In the August 31st issue of Nature, there’s a short ‘picture story’ I wrote about a recent Cell paper from Lee et al. Those authors found that in Trypanosoma brucei (the parasite that causes African trypanosomiasis) the fatty acid myristate is not made by type I or type II fatty acid synthases, but is instead made by a series of enzymes called elongases. These enzymes extend the fatty acid chain, adding two carbon atoms at a time to a fatty acid that is attached to coenzyme A. Though more work is needed to explore how these enzymes function in vivo, the authors believe it may be possible to develop new anti-parasitic drugs that target these elongases.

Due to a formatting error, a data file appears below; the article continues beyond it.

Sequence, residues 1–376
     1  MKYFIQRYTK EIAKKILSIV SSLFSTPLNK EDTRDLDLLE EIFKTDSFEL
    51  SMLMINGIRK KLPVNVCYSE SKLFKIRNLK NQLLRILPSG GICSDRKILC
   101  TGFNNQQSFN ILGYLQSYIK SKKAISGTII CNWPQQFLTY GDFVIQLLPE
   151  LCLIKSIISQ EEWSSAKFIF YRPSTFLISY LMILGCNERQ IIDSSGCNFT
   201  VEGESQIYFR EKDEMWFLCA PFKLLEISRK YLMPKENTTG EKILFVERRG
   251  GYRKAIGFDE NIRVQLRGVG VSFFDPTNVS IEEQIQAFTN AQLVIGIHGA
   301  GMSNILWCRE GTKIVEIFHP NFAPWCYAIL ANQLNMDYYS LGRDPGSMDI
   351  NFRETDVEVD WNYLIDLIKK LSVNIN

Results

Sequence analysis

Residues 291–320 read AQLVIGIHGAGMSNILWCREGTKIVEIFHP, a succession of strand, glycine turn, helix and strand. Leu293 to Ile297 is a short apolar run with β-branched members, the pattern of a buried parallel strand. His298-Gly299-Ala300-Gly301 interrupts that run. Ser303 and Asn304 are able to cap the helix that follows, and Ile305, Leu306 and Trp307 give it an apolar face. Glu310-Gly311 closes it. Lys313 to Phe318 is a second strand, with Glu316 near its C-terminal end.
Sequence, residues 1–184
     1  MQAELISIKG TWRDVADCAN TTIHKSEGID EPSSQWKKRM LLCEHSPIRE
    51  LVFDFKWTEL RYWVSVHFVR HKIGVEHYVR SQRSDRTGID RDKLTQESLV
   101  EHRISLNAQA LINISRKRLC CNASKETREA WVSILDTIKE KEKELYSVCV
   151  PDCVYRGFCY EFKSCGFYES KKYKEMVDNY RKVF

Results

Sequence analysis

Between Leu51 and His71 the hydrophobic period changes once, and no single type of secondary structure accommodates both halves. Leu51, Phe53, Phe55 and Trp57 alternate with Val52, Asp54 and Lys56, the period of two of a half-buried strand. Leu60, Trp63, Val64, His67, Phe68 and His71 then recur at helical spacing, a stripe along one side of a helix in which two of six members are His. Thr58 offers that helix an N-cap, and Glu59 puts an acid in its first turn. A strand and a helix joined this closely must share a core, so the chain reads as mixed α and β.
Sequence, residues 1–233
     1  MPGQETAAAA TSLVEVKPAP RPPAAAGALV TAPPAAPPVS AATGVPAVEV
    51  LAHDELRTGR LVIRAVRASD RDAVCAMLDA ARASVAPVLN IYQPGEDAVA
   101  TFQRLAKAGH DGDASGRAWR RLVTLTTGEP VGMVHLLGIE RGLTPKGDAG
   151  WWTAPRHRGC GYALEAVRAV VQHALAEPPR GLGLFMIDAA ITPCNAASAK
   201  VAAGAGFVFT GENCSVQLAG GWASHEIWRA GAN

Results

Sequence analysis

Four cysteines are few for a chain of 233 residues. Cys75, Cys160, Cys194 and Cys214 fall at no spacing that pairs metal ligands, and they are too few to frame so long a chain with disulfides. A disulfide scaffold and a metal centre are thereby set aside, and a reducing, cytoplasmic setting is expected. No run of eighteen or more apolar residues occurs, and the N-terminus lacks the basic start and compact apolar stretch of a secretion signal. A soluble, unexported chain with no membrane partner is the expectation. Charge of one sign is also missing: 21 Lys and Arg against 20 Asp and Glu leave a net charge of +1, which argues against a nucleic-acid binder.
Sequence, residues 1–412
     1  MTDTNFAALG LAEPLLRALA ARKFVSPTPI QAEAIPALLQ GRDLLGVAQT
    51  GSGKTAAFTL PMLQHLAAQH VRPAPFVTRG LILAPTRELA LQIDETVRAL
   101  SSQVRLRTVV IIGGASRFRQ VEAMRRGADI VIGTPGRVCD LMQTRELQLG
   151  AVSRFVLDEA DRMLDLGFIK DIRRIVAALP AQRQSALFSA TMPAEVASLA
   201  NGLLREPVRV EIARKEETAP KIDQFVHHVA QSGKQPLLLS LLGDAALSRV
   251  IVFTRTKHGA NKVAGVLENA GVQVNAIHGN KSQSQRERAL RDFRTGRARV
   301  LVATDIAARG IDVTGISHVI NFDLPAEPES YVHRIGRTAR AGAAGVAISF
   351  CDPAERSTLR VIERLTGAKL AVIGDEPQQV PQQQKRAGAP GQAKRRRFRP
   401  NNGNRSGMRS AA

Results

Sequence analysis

According to the WHO/TDR, African trypanosomiasis (also known as ‘sleeping sickness’) affects 36 countries in sub-Saharan Africa and kills about 50,000 people each year. The TDR website says that “[t]reatment has always been difficult, especially when the disease has reached an advanced stage with central nervous system involvement, as few effective drugs are available.” So hopefully small-molecule inhibitors of these enzymes could be used to reduce the morbidity and mortality associated with this disease.
Joshua Finkelstein (Associate Editor, Nature)